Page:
The 22nd New York Cabaret Convention Night 2

Produced by Donald F. Smith
Hosted by Andrea Marcovicci and KT Sullivan 
Production stage manager Rick Meadows
Featuring Andrea Marcovicci, Elena Bennett, Amanda King, Karen Oberlin, Amy Beth Williams, Natalie Douglas, Joyce Breach, Ronny Whyte, KT Sullivan, Amanda McBroom, Ann Hampton Callaway, Marilyn Maye
Rose Theater, Frederick P. Rose Hall, Broadway at 60th Street
production web site

Reviewed by Martha Wade Steketee
Friday October 21, 2011

On this second evening of the convention we are again welcomed to the gorgeous Rose Theater by Rick Meadows, again standing in for Mabel Mercer Foundation founder and Convention stalwart Donald F. Smith. Tonight’s adventure has two distinct “acts” as designed — the first an extension of  the first night’s series of performers presenting two numbers each from the Great American Songbook, and the second an explicit and heartfelt tribute to the magnificent Margaret Whiting by singers who knew and loved her. The structure provides broad coverage, a range of experiences, and ultimately delightful honors the memory of a woman beloved by multitudes who knew her personally and those who know her only by the palpable love for the people who created the music we are all here to honor.

Andrea Marcovicci, who had stepped in to assume hosting duties on the first night of the convention, assumes that duty again this evening and sings the first tune “On Such a Night as This” with her distinctive smile, beautiful appearance, and now widely ranging vocal tremolo. And we’re off to experience Elena Bennett, Amanda King, Karen Oberlin, excited first time Convention performer Amy Beth Williams, a second set of tunes by Marcovicci, and a final ensemble of performances by Jim Caruso Cast Party stalwart (soon to have her own engagement at Birdland) Natalie Douglas. Pop sensibility to comic turns to gravely jazzy sentiments provide the full spectrum of cabaret experiences.

Act Two brings tears of appreciation and adoration almost before the first note is played. KT Sullivan hosts this section, leading the “Friends of Margaret” as she names them, to celebrate and raise their voices in song and story and personal remembrance of songstress Margaret Whiting who passed away in the early days of 2011. Every performer provides a personal story of how “Maggie” supported them, entertained them, befriended them, loved them, and they (and we) still still love her in return. Joyce Beach (who I first encountered when she started a cabaret series in the 1990s in her hometown of Pittsburgh where I then resided) to Ronny Whyte to the comic patter of KT Sullivan. Stories about Margaret’s several songwriting fathers — by biology Richard Whiting, and by proxy and love Johnny Mercer. We sing in unison in the gorgeous performance space, a capella, the Mercer-Mancini standard “Moon River” — and honestly nothing sounds better than a room full of singers (and singing appreciators) paying homage in such a gentle way to several gentle souls. Amanda McBroom rounds out the conventional performance list, and is among the several performers about whom it is announced from the stage that they have current or upcoming gigs at local performance venues Birdland or the Algonquin‘s Oak Room or the Metropolitan Room further downtown.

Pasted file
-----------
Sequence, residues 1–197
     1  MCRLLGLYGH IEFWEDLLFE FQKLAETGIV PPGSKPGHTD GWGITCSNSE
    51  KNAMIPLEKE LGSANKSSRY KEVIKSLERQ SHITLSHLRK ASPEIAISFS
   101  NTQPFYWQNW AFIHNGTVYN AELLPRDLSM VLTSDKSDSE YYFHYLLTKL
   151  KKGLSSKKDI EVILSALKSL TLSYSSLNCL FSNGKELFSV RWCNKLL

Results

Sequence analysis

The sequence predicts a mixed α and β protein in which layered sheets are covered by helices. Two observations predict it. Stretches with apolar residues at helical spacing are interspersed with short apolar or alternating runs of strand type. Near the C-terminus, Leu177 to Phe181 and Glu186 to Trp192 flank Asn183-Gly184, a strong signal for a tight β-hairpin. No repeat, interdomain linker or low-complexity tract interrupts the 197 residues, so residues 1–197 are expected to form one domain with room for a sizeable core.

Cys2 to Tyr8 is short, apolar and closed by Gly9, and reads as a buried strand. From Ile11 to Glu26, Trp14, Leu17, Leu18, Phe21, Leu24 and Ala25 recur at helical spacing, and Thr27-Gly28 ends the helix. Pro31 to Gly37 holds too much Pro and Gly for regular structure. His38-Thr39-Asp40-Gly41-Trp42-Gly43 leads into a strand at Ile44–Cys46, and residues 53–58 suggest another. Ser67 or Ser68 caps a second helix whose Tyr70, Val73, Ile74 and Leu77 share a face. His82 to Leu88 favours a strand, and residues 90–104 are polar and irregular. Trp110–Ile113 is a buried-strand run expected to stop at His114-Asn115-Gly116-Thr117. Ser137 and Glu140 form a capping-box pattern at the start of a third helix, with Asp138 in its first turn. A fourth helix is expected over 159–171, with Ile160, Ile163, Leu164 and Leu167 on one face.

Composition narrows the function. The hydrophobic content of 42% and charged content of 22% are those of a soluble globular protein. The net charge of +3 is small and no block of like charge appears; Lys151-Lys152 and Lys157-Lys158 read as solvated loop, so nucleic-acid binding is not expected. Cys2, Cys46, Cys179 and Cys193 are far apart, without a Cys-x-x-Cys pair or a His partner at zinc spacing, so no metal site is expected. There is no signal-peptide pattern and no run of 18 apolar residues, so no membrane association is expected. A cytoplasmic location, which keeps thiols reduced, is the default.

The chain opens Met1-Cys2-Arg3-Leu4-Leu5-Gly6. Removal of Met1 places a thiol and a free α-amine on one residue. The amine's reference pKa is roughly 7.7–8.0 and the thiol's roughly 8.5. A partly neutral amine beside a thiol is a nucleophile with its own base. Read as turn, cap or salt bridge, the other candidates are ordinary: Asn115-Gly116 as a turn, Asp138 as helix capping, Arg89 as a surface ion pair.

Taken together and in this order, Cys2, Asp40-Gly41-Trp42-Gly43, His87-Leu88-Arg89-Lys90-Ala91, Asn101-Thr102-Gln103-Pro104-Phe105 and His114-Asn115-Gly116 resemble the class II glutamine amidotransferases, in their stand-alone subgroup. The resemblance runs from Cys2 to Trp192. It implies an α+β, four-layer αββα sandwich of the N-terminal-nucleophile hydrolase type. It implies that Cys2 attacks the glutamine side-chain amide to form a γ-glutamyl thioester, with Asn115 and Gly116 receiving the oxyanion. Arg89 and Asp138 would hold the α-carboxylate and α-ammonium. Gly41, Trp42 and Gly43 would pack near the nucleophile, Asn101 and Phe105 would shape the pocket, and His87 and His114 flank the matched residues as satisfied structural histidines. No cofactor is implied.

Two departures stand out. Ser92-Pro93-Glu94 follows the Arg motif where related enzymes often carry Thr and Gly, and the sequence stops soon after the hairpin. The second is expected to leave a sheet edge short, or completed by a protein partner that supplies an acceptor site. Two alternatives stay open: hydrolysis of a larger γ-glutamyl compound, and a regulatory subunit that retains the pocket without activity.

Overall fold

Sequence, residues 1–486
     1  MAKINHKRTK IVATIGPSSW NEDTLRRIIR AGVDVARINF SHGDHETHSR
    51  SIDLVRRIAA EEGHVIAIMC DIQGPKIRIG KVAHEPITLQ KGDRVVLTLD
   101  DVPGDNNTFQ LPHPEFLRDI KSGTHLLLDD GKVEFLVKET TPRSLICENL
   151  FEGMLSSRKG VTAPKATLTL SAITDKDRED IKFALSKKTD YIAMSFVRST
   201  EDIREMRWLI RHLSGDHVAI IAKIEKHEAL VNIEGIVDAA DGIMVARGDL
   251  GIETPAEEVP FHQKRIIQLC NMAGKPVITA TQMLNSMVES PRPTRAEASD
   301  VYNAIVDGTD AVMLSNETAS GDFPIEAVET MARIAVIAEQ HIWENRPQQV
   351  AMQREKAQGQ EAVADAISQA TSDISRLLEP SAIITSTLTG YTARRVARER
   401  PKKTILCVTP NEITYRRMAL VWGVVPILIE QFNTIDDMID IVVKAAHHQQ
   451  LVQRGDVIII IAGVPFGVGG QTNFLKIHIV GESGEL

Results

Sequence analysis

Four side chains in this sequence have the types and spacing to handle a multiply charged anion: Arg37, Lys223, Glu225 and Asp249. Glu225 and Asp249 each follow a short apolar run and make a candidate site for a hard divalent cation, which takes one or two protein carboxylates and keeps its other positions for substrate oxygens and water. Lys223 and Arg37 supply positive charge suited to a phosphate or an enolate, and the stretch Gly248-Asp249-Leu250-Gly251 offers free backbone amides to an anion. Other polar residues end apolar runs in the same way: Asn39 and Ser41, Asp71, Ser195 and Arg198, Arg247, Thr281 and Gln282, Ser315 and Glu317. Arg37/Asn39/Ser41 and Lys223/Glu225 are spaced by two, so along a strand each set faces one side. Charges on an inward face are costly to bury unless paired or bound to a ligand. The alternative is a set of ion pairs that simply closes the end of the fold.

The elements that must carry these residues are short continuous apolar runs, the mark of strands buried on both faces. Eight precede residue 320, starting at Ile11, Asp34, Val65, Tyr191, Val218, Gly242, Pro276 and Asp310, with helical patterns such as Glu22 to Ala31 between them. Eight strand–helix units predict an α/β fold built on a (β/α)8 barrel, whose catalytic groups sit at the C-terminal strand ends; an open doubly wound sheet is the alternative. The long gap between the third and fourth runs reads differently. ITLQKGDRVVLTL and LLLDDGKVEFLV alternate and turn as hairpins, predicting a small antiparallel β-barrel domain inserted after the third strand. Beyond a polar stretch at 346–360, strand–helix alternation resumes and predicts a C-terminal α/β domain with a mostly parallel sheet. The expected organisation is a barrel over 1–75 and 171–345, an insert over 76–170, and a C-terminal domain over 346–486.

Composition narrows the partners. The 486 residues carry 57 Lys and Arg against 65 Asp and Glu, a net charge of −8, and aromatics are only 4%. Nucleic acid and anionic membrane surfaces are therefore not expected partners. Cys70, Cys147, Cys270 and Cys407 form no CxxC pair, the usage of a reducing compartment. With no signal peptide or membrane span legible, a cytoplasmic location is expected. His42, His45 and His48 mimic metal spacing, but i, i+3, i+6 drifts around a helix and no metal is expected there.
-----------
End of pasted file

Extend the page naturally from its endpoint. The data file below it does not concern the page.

The final two segments of the show are on a special separate planet of performance pow. Ann Hampton Callaway starts her set with an amazing jazzy bluesy version of “The Blues in the Night.” She prefaces her performance of that tune with the lovely story that has been oft told — and was shared in the 2005 John Lahr New Yorker article “Come Rain or Come  Shine: the Bittersweet life of Harold Arlen” published on the occasion of Harold Arlen‘s centenary. Margaret was having a dinner party one night when she received a call from Johnny Mercer and Harold Arlen, who had just finished “Blues in the Night” and wanted to play it for her right away. She said sure, but I’m having a dinner party. The guests were Judy Garland, Mickey Rooney, Mel Torme and a few others. Margaret and Judy made the song writers play it over and over and playfully argued over who would record it first. Garland and Whiting knew quality when they heard it.

After Callaway solicits lyric contributions from the audience inspired by Whiting that she incorporates into a tune on the spot (her standard shtick), she welcomes the awe-inspiring Marilyn Maye to the stand, who delivers “That Old Black Magic” (crafted by Mercer inspired by his muse Judy Garland, a story Maye does not share this evening) and a killer “Come Rain or Come Shine.” The evening concludes with these delightful personalities sharing duties on “Our Love is Here to Stay.”

The Great American Songbook will live on. There’s room to riff, and there’s room for the resonant purity of these final performers. All deserve mention, several deserve special accolades. And golly, I am still hearing, several days later, the warm and evocative strains of “Our Love is Here to Stay” from those final performance moments. Thank you all.

© Martha Wade Steketee (October 24, 2011)

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